Term of Award

Summer 2015

Degree Name

Master of Science in Experimental Psychology (M.S.)

Document Type and Release Option

Thesis (open access)

Copyright Statement / License for Reuse

Creative Commons License
This work is licensed under a Creative Commons Attribution 4.0 License.

Department

Department of Psychology

Committee Chair

Lawrence Locker, Jr.

Committee Member 1

Karen Naufel

Committee Member 2

Ty Boyer

Abstract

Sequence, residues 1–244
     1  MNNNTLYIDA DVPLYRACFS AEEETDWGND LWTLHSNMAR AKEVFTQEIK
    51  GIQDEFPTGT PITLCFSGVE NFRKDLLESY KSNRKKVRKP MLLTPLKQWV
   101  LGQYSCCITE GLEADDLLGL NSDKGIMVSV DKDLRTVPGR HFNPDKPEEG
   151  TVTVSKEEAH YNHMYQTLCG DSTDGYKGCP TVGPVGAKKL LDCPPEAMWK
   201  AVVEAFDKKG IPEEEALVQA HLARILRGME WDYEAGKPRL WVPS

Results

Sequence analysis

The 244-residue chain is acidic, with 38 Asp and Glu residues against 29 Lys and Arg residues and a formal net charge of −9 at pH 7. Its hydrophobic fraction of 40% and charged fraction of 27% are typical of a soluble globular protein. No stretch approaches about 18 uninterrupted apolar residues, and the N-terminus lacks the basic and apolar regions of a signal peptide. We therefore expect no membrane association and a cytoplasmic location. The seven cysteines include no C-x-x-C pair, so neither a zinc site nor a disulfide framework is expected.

There are many unnecessary deaths from tornadoes every year (NOAA.org, 2013). Although there have been great advancements in tornado warning systems (Coleman, Knupp, Spann, Elliot, & Peters, 2010), more changes to systems could be made to motivate people to take action in preparation for tornadoes (Brotzge & Donner, 2013). Protection motivation theory outlines the process by which we assess threats and decide whether or not preventative actions are worth performing. If the threat is perceived as severe enough and the preventative actions are seen as capable of mitigating the threat, the individual is motivated to act (Rogers, 2000). One means by which to enhance the efficacy of weather warnings is through the use of visual imagery. Research has shown that pictures are more easily remembered than words (e.g., Jenkins, Neale & Deno, 1967), and that the addition of picture descriptions or “pictorials” to public safety warnings increases the comprehension and perceptions of risks (Wogalter & Laughery 1997; Severson & Henriques, 2009 respectively). However, the effect of pictures varies depending on many factors including how closely the pictures are perceptually linked to the text and how the picture relates to the target audience (Houts, Doak, Doak, & Loscalzo, 2006). In the current study, we examined the influence of visual imagery in the context of tornado warnings. Specifically, we examined the effects of different tornado warnings on perceptions of susceptibility, response efficacy, and self-efficacy. The warnings varied by whether or not they contained pictures of damage, pictures of preparations, or no pictures. The pictures also varied by tornado category (F2 or F4). F4 warnings were expected to elicit greater susceptibility than F2 warnings. Warnings with pictures of damage were expected to elicit higher susceptibility in an interactive effect in the context of F4 warnings than those with preparation or no pictures. Warnings with preparation pictures were expected to elicit greater levels of efficacy than those with damage or no pictures. Warnings with either type of picture were expected to elicit higher levels of comprehension. The results revealed that participants who viewed the F4 warnings perceived themselves to be more at risk than those who viewed the F2 warnings. There was an effect of both damage and preparation pictures on response efficacy of actions recommended in the event of a tornado, such that those who viewed warnings with either type of picture rated the recommended actions as more efficacious that those who simply saw a text warning. Also, in this study a trend was observed such that participants who viewed more severe tornado warnings (i.e., F4) rated themselves as more efficacious (self-efficacy) in the event of a tornado than those who viewed less severe tornado warnings (i.e., F2). Also of importance, those who viewed the F4 warnings had overall lower comprehension of damage or susceptibility related information when compared to those who viewed F2 warnings. Implications of results and future directions are discussed.

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